Closest fire station unmanned when fatal blaze broke out in Burnham

One person died and three were injured after a fire at a housing block at Burnham military camp...
One person died and three were injured after a fire at a housing block at Burnham military camp in the early hours of Wednesday morning. Photo: RNZ/Nathan McKinnon
The fire station closest to where a person was killed in a fierce fire at Burnham Military Camp was unmanned when it broke out.

A 16-year-old girl died in the blaze south of Christchurch that started just after 2am on Wednesday morning, and three others were hurt, police said.

The death has been referred to the coroner.

Of the three people who were taken to Christchurch Hospital, two have been released. The third is in a moderate but stable condition.

Police and fire investigators had completed a scene examination, detective sergeant Brent Menzies said.

"Enquiries are ongoing however police do not believe at this stage the fire to be suspicious."

Police and Fire and Emergency investigators are working to establish the cause of the blaze.

The New Zealand Defence Force confirmed the Burnham Military Fire Station was not staffed at the time of the fire, meaning the first station that was able to attend was from Rolleston, at 2.23am, 11 minutes after it received the call to attend.

Forty firefighters worked to contain the blaze. Photo: RNZ/Nathan McKinnon
Forty firefighters worked to contain the blaze. Photo: RNZ/Nathan McKinnon
The Burnham Military Camp fire master arrived on the scene at 2.40am, in a Command vehicle which has no fire suppression capability, it said.

The Defence Force said the military station had been operating at reduced capacity since January this year.

"This is in part due to the need to provide staff respite, and because of low Emergency Responder staffing levels," a spokesperson said.

"As such, personnel provide coverage between 8am and 4.30pm, Monday through Friday."

The decision to operate on reduced coverage was consulted on, and supported by Fire and Emergency area commanders, the Defence Force said.

It said the Memorandum of Understanding between the Defence Force and FENZ ensured that FENZ provided coverage during periods of reduced Defence Force coverage.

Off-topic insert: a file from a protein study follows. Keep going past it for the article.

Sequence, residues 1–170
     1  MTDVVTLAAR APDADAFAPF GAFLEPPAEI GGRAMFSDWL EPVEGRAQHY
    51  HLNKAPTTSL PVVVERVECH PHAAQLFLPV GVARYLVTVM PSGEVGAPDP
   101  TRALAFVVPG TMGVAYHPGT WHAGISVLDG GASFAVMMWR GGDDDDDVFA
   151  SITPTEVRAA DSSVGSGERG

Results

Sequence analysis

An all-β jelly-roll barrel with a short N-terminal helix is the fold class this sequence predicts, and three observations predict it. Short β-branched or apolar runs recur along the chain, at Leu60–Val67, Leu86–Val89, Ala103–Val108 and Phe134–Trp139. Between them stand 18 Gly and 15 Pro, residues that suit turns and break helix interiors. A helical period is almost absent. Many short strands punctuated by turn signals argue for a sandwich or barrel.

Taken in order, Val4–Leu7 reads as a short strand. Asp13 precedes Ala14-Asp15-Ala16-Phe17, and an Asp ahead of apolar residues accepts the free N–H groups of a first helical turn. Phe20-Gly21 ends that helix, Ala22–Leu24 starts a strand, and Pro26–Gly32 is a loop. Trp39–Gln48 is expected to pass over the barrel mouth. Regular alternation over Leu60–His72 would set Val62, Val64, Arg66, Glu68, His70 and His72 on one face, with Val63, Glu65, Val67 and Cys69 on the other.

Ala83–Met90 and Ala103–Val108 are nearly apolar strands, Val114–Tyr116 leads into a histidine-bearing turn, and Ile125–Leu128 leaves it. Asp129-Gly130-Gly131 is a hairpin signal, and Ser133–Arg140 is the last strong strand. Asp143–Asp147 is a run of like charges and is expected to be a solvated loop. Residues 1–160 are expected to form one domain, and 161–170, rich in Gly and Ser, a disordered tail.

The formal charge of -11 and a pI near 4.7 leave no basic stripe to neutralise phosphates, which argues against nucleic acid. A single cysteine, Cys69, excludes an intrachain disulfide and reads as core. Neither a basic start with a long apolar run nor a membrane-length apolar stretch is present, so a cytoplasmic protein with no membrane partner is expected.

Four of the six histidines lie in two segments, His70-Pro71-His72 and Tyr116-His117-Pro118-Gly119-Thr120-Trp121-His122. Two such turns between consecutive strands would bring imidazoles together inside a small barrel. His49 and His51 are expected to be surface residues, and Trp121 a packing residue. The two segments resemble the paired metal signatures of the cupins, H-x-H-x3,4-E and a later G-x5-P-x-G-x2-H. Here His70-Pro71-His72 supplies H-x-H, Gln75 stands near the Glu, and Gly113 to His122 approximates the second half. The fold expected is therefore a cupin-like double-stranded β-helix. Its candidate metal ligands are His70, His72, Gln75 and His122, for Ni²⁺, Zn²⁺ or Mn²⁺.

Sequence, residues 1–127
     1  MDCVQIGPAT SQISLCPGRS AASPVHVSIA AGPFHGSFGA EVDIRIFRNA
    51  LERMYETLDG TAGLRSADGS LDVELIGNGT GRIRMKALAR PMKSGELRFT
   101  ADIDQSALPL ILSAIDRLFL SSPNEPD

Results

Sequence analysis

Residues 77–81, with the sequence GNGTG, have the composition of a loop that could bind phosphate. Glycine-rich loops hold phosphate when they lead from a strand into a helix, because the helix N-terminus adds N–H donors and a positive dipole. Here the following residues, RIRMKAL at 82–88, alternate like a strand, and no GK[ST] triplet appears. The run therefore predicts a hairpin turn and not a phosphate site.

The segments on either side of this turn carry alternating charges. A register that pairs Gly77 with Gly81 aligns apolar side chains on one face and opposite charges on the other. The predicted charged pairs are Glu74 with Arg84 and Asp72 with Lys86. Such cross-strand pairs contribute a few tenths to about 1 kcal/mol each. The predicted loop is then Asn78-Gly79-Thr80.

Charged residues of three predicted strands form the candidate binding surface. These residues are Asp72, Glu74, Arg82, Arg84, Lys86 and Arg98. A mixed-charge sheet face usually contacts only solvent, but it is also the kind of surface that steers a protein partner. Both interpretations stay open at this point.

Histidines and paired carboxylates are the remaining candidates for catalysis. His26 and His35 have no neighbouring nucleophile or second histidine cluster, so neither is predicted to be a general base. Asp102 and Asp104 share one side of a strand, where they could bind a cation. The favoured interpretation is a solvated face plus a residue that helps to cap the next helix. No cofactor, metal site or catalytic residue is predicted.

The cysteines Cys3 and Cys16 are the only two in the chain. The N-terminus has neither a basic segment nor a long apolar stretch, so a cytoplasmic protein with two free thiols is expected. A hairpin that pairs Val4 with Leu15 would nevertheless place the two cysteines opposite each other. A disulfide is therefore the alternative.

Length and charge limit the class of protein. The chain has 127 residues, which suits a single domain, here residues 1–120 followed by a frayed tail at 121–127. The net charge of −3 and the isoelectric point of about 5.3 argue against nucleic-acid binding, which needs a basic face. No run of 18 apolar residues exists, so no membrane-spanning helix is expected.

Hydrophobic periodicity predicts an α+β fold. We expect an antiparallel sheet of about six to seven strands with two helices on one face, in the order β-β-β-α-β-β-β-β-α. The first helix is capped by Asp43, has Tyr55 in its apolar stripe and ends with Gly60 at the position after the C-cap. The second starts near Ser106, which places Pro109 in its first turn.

"The Burnham Emergency Response Troop maintains the capacity to support a local FENZ response to major events and/or emergencies for discrete periods, such as during the response to the Port Hills fires earlier this year. That response was supported by two NZDF Rural Fire Appliances, and up to six fire-fighters rotating on a daily basis," it said.

The Defence Force has warned the government it is in a dire state, describing it as vulnerable, and the Navy as extremely fragile.

Witness recalls hearing 'a lot of screaming'

A woman, who lives in housing at the Burnham Military Camp, witnessed the fire and said she was woken by the sound of screaming.

The resident, whom RNZ agreed not to name, said it was just after 2am when she rushed outside.

"By the time I got out, it was just all in flames from the bottom up, and you could just hear a lot of screaming from the road, from a lady," she said.

"It was quite unsettling, we didn't know if there was anyone in the house.

It was upsetting being unable to help, she said.

"We were all standing together on the street checking up on each other, and over time the fire brigade and police arrived."

She said locals had been feeling unsettled since.

"Everyone's chipping in and helping each other. We've been offered support by the Defence Force and police."